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CHAPTER ONE

Introduction to Management

DETAILED LECTURE OUTLINE


I. Why study management?
A. Increases future job opportunities by developing important technical, human, and conceptual
skills
B. Help people understand and work with their own boss
C. Management is important in all organizations, big and small, government, nonprofit, etc.
Different levels of management include
1. First-line supervisors = manage the work of organizational members who are involved in the
actual production or creation of the organizations products or services
2. Middle managers = manage the work of first-line managers and others
3. Top managers = have organization-wide managerial responsibilities (e.g., chief executive
officer, vice-president, board chairs)
D. Help people understand and work with their own boss

II. What is management? An organizing framework


A. An organization is a goal-directed, deliberately structured group of people working together to
achieve results

B. Henri Fayols four functions of management


1. Planning
2. Organizing
3. Leading
4. Controlling

C. Henry Mintzbergs Managerial Roles and Subroles


1. Interpersonal roles (leader, liaison, figurehead)
2. Decisional roles (resource allocator, negotiator, entrepreneur, crisis handler)
3. Informational roles (monitor, disseminator, spokesperson)

D. Comparing Fayol and Mintzberg


1. Planning
a) Definition = identifying an organizations goals and strategies, and the appropriate
organizational resources required to achieve them.
b) Corresponds to Mintzbergs entrepreneur, negotiator, and spokesperson
2. Organizing
a) Definition = ensuring that tasks have been assigned and a structure of organizational
relationships created that facilitates meeting organizational goals.
b) Corresponds to Mintzbergs resource allocator
3. Leading
a) Definition = relating with others so that their work efforts lead to the achievement of
organizational goals.
b) Corresponds to Mintzbergs leader, liaison, and disseminator

4. Controlling
a) Definition = ensuring that the actions of organizational members are consistent with
the organizations values and standards.
b) Corresponds to Mintzbergs monitor, crisis handler, and figurehead

E. Defining effective management


1. Effectiveness = choosing the right organizational goals to pursue
2. Efficiency = maximizing outputs while minimizing inputs
a) Outputs = goods and services delivered by the organization
b) Inputs = human, material, and information resources used to create goods and services
3. Two approaches to defining effective management (Max Weber)
a) Mainstream management
(1) Emphasis on materialism and individualism
(2) Primary goals include maximizing productivity, profitability, and
competitiveness
b) Multistream management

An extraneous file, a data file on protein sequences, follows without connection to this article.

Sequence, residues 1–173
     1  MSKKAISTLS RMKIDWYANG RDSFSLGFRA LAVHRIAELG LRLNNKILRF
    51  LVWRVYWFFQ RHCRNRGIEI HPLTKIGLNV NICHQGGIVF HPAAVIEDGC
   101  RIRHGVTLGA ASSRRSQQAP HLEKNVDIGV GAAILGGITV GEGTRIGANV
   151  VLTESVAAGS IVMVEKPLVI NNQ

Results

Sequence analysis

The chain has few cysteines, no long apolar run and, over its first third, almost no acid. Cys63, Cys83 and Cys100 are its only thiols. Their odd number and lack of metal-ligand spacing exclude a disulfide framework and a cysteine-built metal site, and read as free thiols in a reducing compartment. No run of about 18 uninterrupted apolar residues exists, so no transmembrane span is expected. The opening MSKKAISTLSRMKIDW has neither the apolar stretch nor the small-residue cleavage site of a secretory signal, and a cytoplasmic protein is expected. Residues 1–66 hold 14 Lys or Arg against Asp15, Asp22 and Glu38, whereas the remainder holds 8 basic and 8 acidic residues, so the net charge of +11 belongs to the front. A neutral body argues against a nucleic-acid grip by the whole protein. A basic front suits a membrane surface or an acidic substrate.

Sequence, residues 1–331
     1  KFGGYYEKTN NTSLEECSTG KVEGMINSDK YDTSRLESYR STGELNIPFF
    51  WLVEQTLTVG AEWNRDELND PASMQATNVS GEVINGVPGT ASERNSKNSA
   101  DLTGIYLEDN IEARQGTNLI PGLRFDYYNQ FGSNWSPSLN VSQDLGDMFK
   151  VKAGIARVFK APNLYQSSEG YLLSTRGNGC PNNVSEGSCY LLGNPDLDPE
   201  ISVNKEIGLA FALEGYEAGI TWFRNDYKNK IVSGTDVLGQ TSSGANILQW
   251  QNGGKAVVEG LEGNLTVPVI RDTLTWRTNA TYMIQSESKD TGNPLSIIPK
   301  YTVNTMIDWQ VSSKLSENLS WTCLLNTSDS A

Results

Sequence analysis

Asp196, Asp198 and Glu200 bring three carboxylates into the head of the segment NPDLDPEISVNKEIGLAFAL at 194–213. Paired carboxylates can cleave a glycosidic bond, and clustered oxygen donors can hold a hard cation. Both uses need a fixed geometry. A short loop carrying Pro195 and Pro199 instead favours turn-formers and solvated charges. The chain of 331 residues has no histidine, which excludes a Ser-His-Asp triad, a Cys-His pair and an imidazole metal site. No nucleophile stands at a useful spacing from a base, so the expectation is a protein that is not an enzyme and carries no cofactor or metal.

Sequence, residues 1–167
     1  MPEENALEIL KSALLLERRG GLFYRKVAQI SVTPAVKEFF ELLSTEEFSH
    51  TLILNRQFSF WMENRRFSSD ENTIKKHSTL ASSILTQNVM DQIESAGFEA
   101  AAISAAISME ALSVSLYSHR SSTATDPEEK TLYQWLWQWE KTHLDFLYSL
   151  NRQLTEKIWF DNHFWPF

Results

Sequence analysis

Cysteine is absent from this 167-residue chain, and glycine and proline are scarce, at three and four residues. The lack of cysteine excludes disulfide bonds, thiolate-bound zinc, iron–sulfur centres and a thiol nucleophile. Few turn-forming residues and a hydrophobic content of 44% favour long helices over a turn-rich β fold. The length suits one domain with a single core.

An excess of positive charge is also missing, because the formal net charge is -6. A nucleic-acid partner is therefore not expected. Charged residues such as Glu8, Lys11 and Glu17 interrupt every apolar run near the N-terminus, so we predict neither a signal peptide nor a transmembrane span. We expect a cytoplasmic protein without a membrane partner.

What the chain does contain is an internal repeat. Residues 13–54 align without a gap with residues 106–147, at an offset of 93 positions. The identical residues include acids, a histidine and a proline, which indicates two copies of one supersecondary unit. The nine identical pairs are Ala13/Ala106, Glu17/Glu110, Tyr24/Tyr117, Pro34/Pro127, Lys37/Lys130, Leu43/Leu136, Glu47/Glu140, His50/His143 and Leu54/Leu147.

(1) Emphasis on multiple forms of well-being and multiple stakeholders
(a) Stakeholder = any group or person in or outside the organization who
is directly affected by the organization and has a stake in its performance
(e.g., owners, members, suppliers, competitors, customers, neighbors)
(b) Alternative forms of well-being = social justice, ecological sustainability, strong
community relationships.

III. Comparing Mainstream management and Multistream management


A. Mainstream and Multistream managers represent two prototypes or ideal types on opposite
extremes of a continuum
1. Two approaches to planning
a) Mainstream: measurable goals, bottom-line monetary focus, top-down linear analysis
b) Multistream: practical wisdom, participation, goals other than monetary
2. Two approaches to organizing
a) Mainstream: centralization, standardization, specialization
b) Multistream: courage, experimentation
(1) Courage = implementing initiatives that have potential to improve overall
happiness even if it might threaten ones own status
3. Two approaches to leading
a) Mainstream: instrumental motivation, extrinsic rewards, output-oriented
(1) Instrumental skills = Getting people to act in ways that fulfill our own needs
b) Multistream: relational self-control, dignity, facilitate intrinsic motivation
(1) Relationship skills = Used to create and deepen relationships because
relationships are viewed as ends rather than as means to achieve ones personal
objectives
4. Two approaches to controlling
a) Mainstream: vigilance, monitoring, ensuring that members do what they are supposed
to be doing
(1) Value chain = sequence of activities needed to convert organizational inputs
into outputs
(2) Information systems = help to identify, collect, organize, and disseminate
information
(3) Bureaucratic control = emphasis on rules, regulations, policies, and standard
operating procedures to control organizational members
(4) Market control = using competition among organizational members to control
their behavior
(5) Clan control = using values, norms, and expectations to control organizational
members
b) Multistream: justice, fairness, sensitization, compassion

IV. Why study both Mainstream and Multistream approaches?


A. More thorough understanding of management concepts
B. Student self-exploration of values; emphasizes that no approach is value-free or
amoral
C. Develop critical thinking skills to analyze advantages and disadvantages of each
approach
D. Reduce bias